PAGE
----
"His loss."

"I can do better."

"I need to be alone."

"He wasn't really my type, anyway."

"Maybe he's dead?"

With a little help from my friends gin and vermouth, I felt like I was over it in the space of three days. I'd even resolved to stay single for a few months and focus on myself. And then the ghost of our short but meaningful relationship came back to haunt me in the form of a tiny red heart. He couldn't be bothered to confront his feelings or even just brush me off completely, but, boy, did he like bathtub selfie.

I spent the next three days fluctuating between confusion and rage. I'd heard of ghosting, but this was some next-level bullshit. I eventually confronted my ghost and he told me that he didn't mean to give me the wrong idea but had done some self-reflection and resolved to be alone for a while. We chatted a bit and even had an awkward night out at the movies, but eventually I gave up the ghost. Or maybe the ghost gave up on me.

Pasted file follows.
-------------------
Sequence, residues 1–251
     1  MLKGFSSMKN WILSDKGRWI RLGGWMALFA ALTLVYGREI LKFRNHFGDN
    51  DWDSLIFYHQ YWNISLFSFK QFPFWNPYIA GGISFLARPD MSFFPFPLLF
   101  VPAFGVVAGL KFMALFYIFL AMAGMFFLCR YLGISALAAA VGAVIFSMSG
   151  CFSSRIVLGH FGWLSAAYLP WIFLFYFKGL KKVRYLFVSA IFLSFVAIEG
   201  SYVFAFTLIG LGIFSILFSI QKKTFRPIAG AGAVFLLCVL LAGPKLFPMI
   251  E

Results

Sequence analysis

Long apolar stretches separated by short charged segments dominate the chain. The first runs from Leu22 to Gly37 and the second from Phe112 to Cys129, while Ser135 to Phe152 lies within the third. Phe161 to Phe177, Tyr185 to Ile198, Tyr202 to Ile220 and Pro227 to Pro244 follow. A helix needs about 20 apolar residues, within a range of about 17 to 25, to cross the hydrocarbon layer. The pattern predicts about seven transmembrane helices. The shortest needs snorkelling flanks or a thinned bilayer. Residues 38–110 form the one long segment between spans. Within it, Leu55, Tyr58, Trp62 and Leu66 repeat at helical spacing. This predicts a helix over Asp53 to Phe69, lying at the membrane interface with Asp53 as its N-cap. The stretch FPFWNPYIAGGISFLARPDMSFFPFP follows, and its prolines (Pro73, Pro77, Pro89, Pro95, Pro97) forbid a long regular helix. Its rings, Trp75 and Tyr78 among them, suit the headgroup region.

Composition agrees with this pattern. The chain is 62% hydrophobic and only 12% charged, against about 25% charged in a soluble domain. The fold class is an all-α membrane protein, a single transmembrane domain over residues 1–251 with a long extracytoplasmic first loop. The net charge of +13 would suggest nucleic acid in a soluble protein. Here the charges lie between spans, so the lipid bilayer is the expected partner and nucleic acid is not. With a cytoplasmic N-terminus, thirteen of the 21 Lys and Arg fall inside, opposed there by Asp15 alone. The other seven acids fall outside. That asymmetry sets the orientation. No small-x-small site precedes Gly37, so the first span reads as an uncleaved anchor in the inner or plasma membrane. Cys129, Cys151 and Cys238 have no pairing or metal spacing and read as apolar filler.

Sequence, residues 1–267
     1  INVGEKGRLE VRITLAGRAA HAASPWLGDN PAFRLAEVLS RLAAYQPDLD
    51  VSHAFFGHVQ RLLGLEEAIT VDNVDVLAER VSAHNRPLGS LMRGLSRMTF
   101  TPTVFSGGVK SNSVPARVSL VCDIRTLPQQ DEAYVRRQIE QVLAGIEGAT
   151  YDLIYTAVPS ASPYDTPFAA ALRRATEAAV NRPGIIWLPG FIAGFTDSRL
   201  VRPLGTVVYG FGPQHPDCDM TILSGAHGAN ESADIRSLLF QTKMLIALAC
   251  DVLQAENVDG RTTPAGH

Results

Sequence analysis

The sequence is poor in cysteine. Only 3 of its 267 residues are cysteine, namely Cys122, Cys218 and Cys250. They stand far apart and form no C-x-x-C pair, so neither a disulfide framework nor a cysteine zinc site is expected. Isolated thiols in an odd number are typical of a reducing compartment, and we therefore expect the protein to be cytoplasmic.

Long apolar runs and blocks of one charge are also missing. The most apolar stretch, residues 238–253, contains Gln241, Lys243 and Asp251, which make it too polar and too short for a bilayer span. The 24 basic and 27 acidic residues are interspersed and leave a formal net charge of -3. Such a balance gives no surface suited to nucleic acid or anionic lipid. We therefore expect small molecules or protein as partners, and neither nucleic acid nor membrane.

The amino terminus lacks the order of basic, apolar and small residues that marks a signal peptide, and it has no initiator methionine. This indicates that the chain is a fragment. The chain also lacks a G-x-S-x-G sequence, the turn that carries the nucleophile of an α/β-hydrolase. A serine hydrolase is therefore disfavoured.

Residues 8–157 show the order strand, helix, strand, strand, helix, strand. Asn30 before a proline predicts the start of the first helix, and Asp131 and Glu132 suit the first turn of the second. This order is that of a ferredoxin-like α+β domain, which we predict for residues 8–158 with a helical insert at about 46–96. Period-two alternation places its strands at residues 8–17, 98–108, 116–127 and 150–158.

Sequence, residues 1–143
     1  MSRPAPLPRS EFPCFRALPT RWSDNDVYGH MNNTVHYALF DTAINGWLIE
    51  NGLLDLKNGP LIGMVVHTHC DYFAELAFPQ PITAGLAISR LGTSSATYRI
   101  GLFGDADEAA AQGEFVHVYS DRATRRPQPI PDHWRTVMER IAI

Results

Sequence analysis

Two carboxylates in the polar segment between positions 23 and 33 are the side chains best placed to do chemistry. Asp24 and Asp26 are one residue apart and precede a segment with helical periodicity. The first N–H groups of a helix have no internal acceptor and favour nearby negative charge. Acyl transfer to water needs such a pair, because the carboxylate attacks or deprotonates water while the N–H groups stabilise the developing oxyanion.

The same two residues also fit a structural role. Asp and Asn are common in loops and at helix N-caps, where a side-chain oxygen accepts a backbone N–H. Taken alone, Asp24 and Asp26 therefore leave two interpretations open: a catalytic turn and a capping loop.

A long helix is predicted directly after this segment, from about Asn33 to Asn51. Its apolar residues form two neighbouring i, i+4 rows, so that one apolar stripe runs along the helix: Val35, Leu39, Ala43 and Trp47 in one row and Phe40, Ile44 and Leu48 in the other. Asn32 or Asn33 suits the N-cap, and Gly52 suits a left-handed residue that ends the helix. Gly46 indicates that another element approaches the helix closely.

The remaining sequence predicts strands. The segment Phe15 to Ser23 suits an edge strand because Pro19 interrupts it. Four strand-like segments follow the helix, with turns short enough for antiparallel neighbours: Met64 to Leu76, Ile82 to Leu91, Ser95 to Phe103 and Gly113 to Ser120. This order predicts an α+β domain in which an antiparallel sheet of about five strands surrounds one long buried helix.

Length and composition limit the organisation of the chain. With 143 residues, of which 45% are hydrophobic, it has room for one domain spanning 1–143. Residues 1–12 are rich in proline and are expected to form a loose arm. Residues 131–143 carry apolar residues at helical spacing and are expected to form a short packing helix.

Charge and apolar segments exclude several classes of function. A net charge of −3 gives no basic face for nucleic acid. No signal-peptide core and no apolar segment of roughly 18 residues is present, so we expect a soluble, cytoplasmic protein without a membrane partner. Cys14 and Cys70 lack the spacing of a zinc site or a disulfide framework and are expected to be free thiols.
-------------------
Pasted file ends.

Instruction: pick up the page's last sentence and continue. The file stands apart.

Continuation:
He's still out there lurking in my social feeds, occasionally surfacing in text, along with a handful of other spooks who just couldn't let it die. Sure, I could block them or even confront them, but I've come to find comfort in their presence. With every heart, every thumb's up, I'm reminded of the fun we had and the mistakes we made. And, hey, at least they didn't straight corpse on me.

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Ghosting redefined